Post-spring stock report: Quarterbacks

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No position had a microscope on it like quarterback did this spring. In one of the country’s most-watched position battles, Everett Golson and Malik Zaire began their work with new offensive coordinator and quarterback coach Mike Sanford… and—well, that was about it.

For those who had expected a true battle for the No. 1 quarterback job, you have only yourself to be disappointed with. Because it was always Brian Kelly’s intent to develop both Golson and Zaire this spring, not eliminate one of them from the depth chart.

For Golson, the end of last season had many wondering if he was out the door once he received his diploma. For Zaire, quality performances against USC and LSU— and a powerful running style—had turned him into the people’s champion. But both had plenty of areas for improvement, keeping the focus on the here and now even with all eyes looking forward.

Finals are just around the corner, with graduation weekend set for mid-May. While no stock report will be complete until then, let’s take a look at where the quarterback depth chart sits after spring practice.

 

POST-SPRING DEPTH CHART

1. Everett Golson, GS (6-0, 200)
2. Malik Zaire, Jr* (6-0, 222)
3. DeShone Kizer, Soph.* (6-4.5, 230)

*Denotes fifth-year of eligibility available

 

STOCK UP

Malik Zaire: While it’s difficult to push Zaire into a virtual dead heat with Golson atop the depth chart, it’s also difficult to find much wrong with the work the young quarterback did this spring. After more than patiently waiting his turn in 2014, Zaire exploded onto the scene in the season’s final two games, and he took that momentum with him into spring practice.

Zaire spent the spring working on his deficiencies. Right now, that’s in the passing game—specifically throwing the ball with proper timing and accuracy on the intermediate routes. There’s no question he’s a significant step behind Golson in that area, a fairly important one at the quarterback position.

But Zaire’s also made it clear that he’s taking leadership seriously. After Kelly chided Zaire last season by joking that he wasn’t falling asleep while eating Chipotle in quarterback meetings after he became a part of the game plan, it’s clear that whether it was a joke or not, Zaire wasn’t living up to the standard that Kelly set for the team’s most important position. And the young quarterback has certainly got the message.

We saw that on the field late last season, with Zaire willing the Irish to victory against LSU. We saw it again this spring, with Zaire unabashed about his intention to be the team’s starting quarterback, and then practicing like it.

As a runner, Zaire has no equal at the position. As we saw with his perfect deep ball to Will Fuller, the vertical passing game will be just fine as well if he’s under center. And while he’s still probably a stride or two behind Golson in the race for the job, it was a successful spring practice for one of the most important players on the roster.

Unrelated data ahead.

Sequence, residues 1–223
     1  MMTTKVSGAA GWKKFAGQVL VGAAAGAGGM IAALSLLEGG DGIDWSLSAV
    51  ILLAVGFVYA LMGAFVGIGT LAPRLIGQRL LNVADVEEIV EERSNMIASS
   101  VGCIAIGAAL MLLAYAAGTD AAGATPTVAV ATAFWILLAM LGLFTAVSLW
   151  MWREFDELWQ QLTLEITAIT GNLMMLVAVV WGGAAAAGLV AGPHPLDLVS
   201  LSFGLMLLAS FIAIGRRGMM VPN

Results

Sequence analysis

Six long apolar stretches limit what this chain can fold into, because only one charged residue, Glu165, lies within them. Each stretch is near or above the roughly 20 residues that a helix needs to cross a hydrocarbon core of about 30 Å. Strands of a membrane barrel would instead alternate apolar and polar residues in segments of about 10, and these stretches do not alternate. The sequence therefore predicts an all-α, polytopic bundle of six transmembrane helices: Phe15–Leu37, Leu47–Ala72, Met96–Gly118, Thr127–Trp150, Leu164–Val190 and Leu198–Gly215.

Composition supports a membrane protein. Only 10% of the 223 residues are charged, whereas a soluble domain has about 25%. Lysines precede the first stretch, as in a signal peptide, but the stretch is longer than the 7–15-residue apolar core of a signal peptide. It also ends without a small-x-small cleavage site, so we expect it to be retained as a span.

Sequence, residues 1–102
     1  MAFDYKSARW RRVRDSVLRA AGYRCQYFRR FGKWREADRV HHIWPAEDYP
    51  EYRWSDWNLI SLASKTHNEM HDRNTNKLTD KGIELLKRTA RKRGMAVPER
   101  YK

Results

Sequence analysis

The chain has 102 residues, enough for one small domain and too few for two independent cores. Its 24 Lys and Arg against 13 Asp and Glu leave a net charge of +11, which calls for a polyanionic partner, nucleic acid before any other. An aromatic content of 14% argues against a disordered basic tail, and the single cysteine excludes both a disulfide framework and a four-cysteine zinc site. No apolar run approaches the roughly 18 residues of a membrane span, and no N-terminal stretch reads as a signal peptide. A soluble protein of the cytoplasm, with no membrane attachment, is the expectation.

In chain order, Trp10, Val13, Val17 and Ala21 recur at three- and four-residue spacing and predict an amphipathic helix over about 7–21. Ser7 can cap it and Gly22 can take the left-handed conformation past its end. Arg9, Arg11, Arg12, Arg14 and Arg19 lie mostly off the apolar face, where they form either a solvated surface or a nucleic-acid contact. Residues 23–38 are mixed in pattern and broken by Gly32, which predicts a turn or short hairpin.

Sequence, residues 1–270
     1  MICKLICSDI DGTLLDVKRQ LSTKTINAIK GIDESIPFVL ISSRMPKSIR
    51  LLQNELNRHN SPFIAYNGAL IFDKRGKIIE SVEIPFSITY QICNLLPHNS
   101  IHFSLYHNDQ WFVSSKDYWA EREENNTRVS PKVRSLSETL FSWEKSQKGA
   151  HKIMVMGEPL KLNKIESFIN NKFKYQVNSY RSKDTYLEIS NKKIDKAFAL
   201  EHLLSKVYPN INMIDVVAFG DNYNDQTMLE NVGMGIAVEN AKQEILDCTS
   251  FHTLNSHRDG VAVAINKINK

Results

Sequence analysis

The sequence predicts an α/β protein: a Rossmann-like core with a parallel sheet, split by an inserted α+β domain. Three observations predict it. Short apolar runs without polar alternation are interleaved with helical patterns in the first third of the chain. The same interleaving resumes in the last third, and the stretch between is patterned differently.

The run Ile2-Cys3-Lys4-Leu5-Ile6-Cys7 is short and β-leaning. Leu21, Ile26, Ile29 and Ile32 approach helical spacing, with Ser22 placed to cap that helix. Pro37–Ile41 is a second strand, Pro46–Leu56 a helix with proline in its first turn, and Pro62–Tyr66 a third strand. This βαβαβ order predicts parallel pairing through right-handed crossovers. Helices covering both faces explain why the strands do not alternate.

Mike Sanford: No, he’s not an actual quarterback. But the work the team’s quarterback coach did with his players this spring deserves mention.

We saw cleaned up footwork in the zone read game, a key to Everett Golson’s season. We saw more focus on the fundamentals. And we probably took for granted just how much work Sanford had to do this spring, all while getting to know the three quarterbacks in his position room.

Ultimately, we’ll know if the teaching took hold when we watch the position play in the spring. But after a Blue-Gold game with no turnovers*, it was a great step in the right direction.

 

STOCK NEUTRAL

Everett Golson: Brian Kelly called this Everett Golson’s best spring since he’s been at Notre Dame. That alone would usually earn you a “buy” grade, but none of that matters until after May 15.

If Golson returns for summer school and to the Irish, it was a successful spring, and a tremendous job by the coaching staff navigating a very tricky situation. But until then, consider this the ultimate wait-and-see proposition. The ceiling of the 2015 football team is very much still in flux until a decision is officially made.

(It’s worth pointing out that Golson has said all along that he wasn’t going anywhere.)

On the field, Golson looked much better running the football in the zone read game, improved footwork at the mesh point on display during the Blue-Gold game. He protected the football better when he was a runner, something that’s absolutely necessary if he wants to stay on the field. While Kelly said his pocket presence improved, it’s worth pointing out that so did his offensive line and running game. Those two things go hand-in-hand with Golson standing tall in the pocket.

At his best, Golson is one of the finest quarterbacks in college football. At his worst, he’ll be wearing a baseball cap helping call in plays as he watches Zaire run the show. While just about every datapoint suggests he’ll be back in South Bend for the 2015 season, until it’s official, we’re staying neutral on this one.

 

DeShone Kizer: It’s never easy to be the guy on the outside of a two-quarterback battle. But for Kizer, this spring was about learning a new set of fundamentals, and honing his craft for the future.